Fannie and Freddie haven’t been coy about their new role. In a financial statement released last year, Fannie Mae was unusually blunt about what the administration was asking, and what the financial effects were: “Our financial results are likely to suffer, at least in the short term, as we expand our efforts to assist the mortgage market, thereby increasing the amount of funds that Treasury is required to provide to us and further limiting our ability to return to long-term profitability.”

    This must stop. Fannie Mae and Freddie Mac have distorted housing markets enough. Fannie Mae and Freddie Mac should be put on a path to resolution. And Congress should ensure that no successor institution be provided with the implicit guarantees that allowed these two to play havoc with financial markets.

    Otherwise, we can look forward to many more bailouts in the future.

    Co-authored by James Gattuso.

    Cross-posted at USA Today.

    Posted in Economics [slideshow_deploy]

    11 Responses to Deal with Fannie and Freddie Now or We'll Pay Later

    1. Lloyd Scallan - New says:

      If Congress would "fix" Freddie and Fannie, that would confirm that certain Democrat (like Barney Frank) lied or distorted to true facts about the financial condition of the two companies, which led to our present problems. Do you

      think that will happen? Does anyone think the Dems will accept blame?

    2. Tim AZ says:

      As I've said before. The Fannie and Freddie entities hand cannot be removed from the citizenry's pocket. Until most of the liberal parasites that have set themselves up to benefit from this entity are removed from D.C. by the American citizenry through the election process. Once the enabler's are sent packing Fannie and Freddie can be put to rest.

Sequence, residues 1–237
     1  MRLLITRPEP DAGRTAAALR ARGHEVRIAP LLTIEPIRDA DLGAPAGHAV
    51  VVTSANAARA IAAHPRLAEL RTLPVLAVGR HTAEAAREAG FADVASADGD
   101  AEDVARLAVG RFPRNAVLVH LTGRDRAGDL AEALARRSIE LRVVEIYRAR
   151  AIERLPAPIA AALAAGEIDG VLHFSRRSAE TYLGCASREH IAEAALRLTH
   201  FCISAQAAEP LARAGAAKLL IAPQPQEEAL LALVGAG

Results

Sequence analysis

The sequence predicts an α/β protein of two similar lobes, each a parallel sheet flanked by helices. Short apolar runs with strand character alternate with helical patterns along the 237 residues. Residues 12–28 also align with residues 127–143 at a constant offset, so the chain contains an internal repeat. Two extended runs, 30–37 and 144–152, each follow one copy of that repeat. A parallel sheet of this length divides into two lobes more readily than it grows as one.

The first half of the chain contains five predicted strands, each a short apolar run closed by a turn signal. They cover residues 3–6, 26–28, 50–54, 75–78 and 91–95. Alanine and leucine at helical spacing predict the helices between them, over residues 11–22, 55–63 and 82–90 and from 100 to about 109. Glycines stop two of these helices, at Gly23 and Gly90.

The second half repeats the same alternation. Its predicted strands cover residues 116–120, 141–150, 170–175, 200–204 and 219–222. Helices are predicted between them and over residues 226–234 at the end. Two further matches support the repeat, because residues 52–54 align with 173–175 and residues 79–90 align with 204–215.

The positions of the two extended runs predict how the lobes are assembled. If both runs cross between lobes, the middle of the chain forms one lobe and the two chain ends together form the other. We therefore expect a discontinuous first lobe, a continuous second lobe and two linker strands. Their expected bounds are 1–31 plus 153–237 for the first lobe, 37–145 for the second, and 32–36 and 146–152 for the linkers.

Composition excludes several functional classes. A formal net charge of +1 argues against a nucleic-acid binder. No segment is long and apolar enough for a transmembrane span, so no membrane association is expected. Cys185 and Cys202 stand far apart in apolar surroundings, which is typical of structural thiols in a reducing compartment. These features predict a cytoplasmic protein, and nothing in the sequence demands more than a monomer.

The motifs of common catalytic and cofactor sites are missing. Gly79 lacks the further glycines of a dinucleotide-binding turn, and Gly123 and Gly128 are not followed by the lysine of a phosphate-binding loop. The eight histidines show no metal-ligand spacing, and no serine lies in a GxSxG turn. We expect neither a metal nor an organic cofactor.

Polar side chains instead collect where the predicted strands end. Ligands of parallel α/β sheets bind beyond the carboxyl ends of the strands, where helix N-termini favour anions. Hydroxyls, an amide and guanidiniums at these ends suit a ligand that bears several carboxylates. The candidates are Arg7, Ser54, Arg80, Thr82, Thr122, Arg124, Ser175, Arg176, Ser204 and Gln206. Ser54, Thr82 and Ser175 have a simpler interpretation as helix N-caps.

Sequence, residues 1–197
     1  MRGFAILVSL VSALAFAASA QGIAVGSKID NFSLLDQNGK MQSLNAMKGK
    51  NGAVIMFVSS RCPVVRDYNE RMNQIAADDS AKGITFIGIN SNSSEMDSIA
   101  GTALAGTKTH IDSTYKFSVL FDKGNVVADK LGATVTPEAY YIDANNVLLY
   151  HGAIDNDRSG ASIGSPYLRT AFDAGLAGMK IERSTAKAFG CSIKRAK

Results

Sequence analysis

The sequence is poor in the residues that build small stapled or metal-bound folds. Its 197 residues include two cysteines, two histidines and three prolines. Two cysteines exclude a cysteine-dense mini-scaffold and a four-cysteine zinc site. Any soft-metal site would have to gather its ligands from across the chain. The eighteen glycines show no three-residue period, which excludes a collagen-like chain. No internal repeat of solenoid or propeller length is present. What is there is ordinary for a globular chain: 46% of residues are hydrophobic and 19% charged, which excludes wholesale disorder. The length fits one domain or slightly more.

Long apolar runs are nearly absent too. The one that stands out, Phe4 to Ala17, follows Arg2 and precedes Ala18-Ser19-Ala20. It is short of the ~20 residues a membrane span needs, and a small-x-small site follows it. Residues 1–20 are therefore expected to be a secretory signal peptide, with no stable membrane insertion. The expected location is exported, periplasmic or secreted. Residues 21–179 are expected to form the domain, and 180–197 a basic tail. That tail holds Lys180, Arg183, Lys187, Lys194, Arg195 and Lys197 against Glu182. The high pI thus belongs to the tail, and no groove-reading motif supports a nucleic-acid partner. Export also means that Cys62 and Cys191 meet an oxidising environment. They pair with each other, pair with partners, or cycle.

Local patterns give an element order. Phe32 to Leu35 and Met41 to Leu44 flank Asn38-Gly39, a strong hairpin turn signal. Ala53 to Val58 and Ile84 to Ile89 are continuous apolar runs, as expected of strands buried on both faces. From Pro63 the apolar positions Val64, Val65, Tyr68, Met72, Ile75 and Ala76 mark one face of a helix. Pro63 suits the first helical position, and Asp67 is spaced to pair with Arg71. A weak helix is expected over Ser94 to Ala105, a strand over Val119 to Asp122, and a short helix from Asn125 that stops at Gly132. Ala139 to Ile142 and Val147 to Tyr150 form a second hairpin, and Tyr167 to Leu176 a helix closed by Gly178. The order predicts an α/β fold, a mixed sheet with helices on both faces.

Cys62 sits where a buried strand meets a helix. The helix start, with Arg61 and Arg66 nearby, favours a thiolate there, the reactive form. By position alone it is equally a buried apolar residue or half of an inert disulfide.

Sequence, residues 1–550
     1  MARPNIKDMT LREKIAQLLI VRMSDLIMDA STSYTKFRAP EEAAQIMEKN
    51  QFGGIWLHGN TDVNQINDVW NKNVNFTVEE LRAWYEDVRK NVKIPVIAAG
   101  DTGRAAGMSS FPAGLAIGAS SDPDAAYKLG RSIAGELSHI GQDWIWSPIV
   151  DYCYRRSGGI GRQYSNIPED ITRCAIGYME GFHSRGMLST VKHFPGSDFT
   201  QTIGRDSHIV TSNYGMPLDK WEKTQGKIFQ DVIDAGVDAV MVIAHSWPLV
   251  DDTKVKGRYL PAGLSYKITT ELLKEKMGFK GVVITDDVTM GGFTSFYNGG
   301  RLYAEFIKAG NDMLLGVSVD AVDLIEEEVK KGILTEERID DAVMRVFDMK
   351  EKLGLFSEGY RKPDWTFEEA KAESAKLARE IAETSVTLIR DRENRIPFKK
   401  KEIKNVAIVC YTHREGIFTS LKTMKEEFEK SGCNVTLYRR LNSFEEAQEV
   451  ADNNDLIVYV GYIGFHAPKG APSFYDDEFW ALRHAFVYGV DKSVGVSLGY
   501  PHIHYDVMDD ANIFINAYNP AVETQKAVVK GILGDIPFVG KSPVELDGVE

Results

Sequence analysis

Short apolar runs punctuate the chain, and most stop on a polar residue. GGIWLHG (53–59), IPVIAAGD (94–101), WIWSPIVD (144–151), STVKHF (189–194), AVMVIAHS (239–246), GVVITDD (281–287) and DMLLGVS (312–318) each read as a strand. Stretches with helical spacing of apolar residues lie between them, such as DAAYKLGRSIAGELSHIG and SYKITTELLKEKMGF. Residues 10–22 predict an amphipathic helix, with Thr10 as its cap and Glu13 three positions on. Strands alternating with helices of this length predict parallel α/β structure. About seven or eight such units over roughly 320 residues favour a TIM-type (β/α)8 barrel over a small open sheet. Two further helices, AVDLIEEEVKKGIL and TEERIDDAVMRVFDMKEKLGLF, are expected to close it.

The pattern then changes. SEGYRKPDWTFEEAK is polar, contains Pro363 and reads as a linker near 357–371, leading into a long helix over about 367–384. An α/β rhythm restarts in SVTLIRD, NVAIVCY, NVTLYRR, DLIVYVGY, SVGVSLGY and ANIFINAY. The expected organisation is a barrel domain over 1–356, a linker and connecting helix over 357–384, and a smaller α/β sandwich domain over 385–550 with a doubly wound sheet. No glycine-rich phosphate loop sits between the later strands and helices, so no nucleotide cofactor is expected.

3. Drew Page, IL says:

      Chris Dodd's bill is intended to end taxpayer bailouts of financial institutions?

      Will there ever be legislation that will end taxpayer bailouts of the government's endless bungling, earmarks, graft and corruption? Never mind, it was a rhetorical question.

    4. stirling, Pennsylvan says:

      Welcome to the progressives "slush" fund with unlimited taxpayers money (read Glenn Beck's analysis of this.) It's astounding what Fanie and Fredie are being turned into with the backing of this administration. Since it's not private or public FIOA can't be used here. Therefore Fanie/Freddie being a money pit is only going to continue until the socialism agenda is stoped once and for all.

    5. JSchau, San Diego says:

      The best fix would be to fire Chris Dodd, Barney Frank and Charlie Rangel. We have to stop the bleeding by eliminating the great enablers of people who can't afford to buy homes.

    6. KRIS, TUCSON says:

      As citizens and taxpayers we need to stop this. If the bailout were to help the mortgage holders, then why didn't it help the mortgage that the citizens have. If they had taken the money and paid every home owner mortgage down to 1/2 and refinanced at the lower rate and stipulated that they could not sell for ten years, or until the mortgage was paid off, then we would have been in better shape, had more income to spend in the economy. I would have more money to spend on needed items, not wanted items. My loan would not have been sold to Bank of America and their crooked ways and it would have helped save the loan companies until they could see what happened and changed their way of doing business.

    7. Jeanne Stotler, wood says:

      I heard yesterday that a lot of thosewho got the special refinancing deals to prevent foreclosure are now in the rears again. I knew this would not help, yet there goes more of OUR money down the tubes and these people will still lose their houses but they owe more now than if they had gone into foreclosure instead of this refinancing deal the Gov't. insisted on,